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Community-based sociotherapy/ Mvura nkuvure is an approach that uses the group as a therapeutic medium in the establishment of trust, the creation of an open environment for discussion and the formation of peer-support structures. Mvura nkuvure groups facilitate community members to identify, acknowledge, share, and manage together their everyday psychosocial problems related to experiences of violence and daily distress. The strength of Sociotherapy/ Mvura nkuvure lies in the connection with grassroots communities and in acknowledging their role as agents in making healing and peace-building a sustainable process.
Areas of interventions
- Reconciliation and restorative justice
- Psychosocial wellbeing and mental health
- Addressing intergenerational legacies of genocide
- Grassroots advocacy and civic engagement
- Socio-economic development and gender equality
The overall objective of Community-based Sociotherapy intervention is to contribute to restorative justice, social change and psychosocial recovery, in post-conflict settings, for the promotion of sustainable peace across the generations.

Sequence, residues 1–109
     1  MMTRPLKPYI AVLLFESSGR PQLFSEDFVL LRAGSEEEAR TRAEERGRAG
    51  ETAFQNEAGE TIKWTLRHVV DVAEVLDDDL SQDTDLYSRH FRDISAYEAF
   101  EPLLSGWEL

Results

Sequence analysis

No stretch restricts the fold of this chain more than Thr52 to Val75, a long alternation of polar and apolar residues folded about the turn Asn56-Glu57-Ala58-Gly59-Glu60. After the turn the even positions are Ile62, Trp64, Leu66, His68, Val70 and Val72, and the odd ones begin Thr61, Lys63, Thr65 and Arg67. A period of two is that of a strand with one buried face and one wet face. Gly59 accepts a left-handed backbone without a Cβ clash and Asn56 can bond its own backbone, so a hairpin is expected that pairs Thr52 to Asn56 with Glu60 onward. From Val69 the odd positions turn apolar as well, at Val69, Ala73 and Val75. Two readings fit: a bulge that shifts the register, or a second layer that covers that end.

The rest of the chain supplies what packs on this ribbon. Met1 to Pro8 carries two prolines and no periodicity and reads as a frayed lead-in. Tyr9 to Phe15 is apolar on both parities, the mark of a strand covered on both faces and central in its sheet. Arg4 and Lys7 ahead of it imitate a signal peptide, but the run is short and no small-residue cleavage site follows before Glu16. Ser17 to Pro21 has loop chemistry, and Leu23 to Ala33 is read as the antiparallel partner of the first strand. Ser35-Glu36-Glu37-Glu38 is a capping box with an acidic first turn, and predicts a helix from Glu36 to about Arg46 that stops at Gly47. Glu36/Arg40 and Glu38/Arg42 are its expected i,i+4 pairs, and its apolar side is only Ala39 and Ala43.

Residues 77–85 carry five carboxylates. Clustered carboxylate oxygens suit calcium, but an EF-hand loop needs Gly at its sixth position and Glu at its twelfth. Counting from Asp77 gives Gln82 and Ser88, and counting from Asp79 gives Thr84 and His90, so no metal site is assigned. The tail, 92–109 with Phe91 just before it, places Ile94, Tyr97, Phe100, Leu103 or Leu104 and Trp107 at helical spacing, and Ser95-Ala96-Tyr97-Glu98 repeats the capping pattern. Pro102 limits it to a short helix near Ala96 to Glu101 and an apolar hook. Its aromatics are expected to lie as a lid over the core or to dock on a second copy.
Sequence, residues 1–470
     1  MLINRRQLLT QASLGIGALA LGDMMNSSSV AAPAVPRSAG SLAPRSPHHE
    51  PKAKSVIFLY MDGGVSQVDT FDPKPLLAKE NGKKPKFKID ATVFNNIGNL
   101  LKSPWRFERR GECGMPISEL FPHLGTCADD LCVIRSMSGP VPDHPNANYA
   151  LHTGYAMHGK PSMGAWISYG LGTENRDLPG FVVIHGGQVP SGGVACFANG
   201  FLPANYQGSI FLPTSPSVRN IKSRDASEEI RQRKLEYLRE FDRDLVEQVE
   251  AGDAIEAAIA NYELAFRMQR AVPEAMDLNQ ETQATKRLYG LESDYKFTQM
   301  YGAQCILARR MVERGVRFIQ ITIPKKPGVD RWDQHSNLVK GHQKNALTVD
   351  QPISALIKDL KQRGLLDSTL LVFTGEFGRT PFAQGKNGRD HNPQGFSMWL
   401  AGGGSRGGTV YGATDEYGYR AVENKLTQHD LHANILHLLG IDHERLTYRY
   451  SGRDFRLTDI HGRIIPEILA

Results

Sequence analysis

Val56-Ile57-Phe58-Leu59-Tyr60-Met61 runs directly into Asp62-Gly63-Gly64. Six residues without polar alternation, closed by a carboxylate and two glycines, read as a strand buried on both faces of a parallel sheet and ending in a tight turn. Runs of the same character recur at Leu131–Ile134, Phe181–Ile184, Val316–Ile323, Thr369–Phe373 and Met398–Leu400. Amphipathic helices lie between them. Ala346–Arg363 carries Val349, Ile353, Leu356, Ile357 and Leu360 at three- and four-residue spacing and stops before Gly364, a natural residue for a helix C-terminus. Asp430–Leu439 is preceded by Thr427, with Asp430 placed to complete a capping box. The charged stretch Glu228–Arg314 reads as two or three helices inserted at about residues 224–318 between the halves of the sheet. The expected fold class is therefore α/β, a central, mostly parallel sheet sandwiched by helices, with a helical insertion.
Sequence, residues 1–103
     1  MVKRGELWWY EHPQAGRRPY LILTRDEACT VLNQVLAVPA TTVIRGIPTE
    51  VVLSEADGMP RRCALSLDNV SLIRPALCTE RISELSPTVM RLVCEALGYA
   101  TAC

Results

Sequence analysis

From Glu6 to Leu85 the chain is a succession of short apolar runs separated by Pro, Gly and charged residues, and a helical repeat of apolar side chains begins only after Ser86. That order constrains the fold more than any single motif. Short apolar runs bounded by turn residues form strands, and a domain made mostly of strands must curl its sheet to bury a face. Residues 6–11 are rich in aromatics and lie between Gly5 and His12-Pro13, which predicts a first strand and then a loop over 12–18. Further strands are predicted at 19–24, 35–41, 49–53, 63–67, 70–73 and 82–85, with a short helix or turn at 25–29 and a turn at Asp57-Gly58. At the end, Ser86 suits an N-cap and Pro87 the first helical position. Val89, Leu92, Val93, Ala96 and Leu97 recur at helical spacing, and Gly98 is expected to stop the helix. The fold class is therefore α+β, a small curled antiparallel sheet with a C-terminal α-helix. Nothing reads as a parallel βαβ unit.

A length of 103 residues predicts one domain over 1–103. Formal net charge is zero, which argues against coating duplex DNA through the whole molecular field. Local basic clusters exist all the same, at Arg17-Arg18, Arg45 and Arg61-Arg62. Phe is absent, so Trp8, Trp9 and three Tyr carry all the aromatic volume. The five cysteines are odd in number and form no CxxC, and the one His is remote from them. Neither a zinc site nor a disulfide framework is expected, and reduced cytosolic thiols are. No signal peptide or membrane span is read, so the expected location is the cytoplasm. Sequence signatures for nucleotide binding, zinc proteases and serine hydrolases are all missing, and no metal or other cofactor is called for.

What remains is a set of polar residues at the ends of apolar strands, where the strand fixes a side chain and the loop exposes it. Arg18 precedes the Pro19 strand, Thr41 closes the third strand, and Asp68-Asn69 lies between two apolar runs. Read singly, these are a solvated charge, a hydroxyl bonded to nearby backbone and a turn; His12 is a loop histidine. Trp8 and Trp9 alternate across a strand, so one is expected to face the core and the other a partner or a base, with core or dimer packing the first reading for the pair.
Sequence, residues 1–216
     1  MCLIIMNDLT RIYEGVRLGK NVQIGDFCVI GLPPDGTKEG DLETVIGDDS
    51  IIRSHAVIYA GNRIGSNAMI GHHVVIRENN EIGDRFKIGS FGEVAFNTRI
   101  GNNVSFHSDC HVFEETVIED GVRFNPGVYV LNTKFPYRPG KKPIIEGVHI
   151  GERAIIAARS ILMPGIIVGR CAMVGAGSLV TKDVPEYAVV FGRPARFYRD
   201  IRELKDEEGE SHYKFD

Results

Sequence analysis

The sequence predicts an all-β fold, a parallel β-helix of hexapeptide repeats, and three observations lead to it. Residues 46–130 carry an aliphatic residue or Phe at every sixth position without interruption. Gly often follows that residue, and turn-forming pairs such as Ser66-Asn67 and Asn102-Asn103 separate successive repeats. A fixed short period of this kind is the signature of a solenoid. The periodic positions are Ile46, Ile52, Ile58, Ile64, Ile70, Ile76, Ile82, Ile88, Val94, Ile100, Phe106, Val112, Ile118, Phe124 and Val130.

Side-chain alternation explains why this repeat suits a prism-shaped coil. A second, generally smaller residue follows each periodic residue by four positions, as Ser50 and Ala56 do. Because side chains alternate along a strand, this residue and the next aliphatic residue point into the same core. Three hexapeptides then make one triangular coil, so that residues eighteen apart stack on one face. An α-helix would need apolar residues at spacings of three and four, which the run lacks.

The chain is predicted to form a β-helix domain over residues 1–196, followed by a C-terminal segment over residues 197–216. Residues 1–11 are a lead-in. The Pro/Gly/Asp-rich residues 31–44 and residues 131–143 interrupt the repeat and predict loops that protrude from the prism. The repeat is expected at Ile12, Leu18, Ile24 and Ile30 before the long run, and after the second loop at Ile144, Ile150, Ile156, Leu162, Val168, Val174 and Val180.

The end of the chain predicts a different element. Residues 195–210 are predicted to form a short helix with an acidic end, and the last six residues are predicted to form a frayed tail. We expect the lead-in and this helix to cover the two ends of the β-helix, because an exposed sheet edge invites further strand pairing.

Specifically, the Sociotherapy approach as introduced in Rwanda aims at:
- Fostering feelings of dignity, safety and trust for all people who are affected by war, genocide and their aftermath;
- Reducing mental and social distress;
- Capitalizing on the vital human capabilities that enable individuals and the entire community to break through the obstacles that prevent living together in peace and facilitate processes of interpersonal and inter-group reconciliation;
- Eliminating disturbed and delayed socio-economic development and
- Breaking through the intergenerational transmission of trauma and violence.
Rationale of the program
- Genocide against the Tutsi destroyed communal bounds and shattered trust in the aftermath of genocide;
- Large number of individuals who went through traumatic experiences and lost a ‘feeling of being human’;
- Social isolation and a lack of engagement in decision making processes.
- Rwanda was dealing with many post-gacaca issues, our objective became consolidating its successes, but also addressing the left-overs: trauma, long-term reconciliation, reparation, etc.
The people who are targeted to facilitate and participate in sociotherapy/ Mvura nkuvure are a representation of the community, including:
- Genocide survivors
- Ex-prisoners, prisoners and neighbors
- Partners with husbands/wives in prison
- Descendants of genocide survivors and perpetrators
- Single mothers
- Families in conflict
- Returnees from exile